John Tavener’s work represents a duplicate challenge for any performer: it is often highly unorthodox in its rhythm and meter, as well as deeply dependent on an appropriate and receptive venue and atmosphere.
A successful show would therefore have to check both of those boxes; the record-release gig for ‘Iepo Oneipo’ on the sixteenth may have managed that, but not with a steady hand… which is a shame, really, because it started out so well, and its only real failing was in not living up to the stunning two openers.
The amazing ‘Song For Athene’ and ‘The Lamb’ were all the more effective for being performed back-to-back. Choir-only, with no backing orchestra, they perfectly harnessed the anticipation in the room, the verses nearly bursting from restraint, then the gorgeous, humble and resigned refrains adding palettes of wild, deep and impenetrable colour. The rest of the show had its highlights, to be sure: ‘Iepo Oneipo’ and the ‘Three Holy Sonnets’ were technically impressive in the extreme, and although it was the weakest of the choral numbers, Tavener’s disarming rendition of ‘The Lord’s Prayer’ wrapped things up very nicely. Baritone Hrólfur Sæmundsson especially shone, his voice exuding an unnerving yet charismatic resonance in Schuon Hymnen’s hypnotic “mit der Sonne nur bekleidet” refrains.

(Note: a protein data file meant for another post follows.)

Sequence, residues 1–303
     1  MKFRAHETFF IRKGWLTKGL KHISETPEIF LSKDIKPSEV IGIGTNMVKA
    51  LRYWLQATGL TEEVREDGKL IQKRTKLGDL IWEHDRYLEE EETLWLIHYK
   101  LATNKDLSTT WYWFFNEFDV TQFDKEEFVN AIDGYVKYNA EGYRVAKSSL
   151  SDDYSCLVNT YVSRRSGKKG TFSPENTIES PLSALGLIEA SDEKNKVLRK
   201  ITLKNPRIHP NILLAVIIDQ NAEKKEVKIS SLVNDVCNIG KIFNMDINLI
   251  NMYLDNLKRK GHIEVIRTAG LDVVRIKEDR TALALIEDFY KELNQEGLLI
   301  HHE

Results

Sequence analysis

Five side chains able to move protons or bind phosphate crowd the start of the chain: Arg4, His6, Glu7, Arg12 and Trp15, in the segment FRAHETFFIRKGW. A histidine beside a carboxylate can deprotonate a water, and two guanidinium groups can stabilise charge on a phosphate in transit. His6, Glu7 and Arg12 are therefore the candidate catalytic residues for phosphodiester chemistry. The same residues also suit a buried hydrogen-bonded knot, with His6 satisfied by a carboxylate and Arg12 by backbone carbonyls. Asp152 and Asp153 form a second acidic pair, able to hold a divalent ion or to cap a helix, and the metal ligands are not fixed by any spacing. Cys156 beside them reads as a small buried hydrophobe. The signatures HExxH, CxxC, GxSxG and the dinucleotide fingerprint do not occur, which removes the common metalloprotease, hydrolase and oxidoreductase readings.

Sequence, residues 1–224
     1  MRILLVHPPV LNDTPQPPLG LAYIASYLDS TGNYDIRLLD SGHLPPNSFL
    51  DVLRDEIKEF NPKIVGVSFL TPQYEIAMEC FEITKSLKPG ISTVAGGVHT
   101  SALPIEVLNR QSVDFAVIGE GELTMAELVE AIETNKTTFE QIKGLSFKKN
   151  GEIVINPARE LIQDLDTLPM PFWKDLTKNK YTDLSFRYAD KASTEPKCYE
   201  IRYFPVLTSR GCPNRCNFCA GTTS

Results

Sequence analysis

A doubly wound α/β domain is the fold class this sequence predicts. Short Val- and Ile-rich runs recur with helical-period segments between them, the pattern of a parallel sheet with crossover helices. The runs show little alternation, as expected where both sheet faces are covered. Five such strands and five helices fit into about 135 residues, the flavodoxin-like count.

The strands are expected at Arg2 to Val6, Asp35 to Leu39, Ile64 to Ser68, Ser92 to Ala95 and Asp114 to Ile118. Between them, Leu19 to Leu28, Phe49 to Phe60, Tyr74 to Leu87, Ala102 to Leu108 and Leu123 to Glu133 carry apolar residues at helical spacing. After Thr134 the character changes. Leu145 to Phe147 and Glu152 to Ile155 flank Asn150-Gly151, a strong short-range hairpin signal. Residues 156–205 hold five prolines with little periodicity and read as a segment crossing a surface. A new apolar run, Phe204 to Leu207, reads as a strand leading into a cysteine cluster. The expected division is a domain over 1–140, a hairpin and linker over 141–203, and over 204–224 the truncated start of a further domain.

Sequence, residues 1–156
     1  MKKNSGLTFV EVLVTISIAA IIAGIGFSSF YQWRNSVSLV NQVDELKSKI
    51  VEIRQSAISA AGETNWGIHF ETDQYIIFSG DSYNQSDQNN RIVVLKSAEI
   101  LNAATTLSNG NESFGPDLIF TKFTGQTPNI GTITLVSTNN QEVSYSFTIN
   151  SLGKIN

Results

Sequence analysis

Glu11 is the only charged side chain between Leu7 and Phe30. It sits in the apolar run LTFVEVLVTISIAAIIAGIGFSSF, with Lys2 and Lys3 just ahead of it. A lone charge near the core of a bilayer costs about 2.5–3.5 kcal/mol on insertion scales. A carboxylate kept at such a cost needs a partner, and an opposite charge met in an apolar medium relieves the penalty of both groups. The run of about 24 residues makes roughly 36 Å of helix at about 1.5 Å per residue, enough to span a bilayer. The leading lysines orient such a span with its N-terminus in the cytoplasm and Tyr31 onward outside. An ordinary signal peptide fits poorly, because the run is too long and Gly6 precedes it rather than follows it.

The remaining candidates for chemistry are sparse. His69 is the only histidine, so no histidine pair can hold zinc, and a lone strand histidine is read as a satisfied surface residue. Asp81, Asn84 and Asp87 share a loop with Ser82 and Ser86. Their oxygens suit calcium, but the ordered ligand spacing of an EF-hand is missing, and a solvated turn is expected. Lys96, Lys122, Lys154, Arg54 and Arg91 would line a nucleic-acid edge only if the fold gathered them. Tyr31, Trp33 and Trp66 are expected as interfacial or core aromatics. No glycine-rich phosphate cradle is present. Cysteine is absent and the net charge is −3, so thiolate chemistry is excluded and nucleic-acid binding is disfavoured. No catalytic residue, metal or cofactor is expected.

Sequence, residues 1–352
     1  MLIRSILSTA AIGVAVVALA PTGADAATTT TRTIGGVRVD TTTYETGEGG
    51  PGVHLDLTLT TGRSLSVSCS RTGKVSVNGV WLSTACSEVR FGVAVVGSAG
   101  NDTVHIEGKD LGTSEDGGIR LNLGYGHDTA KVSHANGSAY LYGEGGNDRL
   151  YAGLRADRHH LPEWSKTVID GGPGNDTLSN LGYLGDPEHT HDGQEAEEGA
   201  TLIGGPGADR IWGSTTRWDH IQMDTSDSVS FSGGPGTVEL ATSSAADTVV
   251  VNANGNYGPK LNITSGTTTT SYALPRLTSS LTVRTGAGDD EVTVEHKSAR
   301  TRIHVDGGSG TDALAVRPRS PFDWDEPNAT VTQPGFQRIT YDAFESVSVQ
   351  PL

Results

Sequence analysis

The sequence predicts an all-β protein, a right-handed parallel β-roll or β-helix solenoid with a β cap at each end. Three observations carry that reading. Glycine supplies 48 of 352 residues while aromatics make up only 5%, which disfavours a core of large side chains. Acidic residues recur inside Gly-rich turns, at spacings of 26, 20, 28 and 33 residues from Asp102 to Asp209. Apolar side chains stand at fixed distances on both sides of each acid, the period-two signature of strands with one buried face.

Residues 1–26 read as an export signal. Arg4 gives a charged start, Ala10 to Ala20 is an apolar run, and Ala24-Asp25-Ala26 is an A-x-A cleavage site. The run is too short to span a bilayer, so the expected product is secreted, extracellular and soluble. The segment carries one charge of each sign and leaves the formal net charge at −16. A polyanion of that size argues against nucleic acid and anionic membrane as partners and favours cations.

But nothing ever really topped those openers, I’m sorry to say. Perhaps it was a lack of confidence in the players, or perhaps too much— an overconfidence that left them without the necessary level of intensity, or maybe there’s just something about the perfect purity of a well-singing, well-conducted choir performing Tavener’s deceptively gentle, yet orgasmically beautiful work that, quite simply, leaves mere instruments lacking.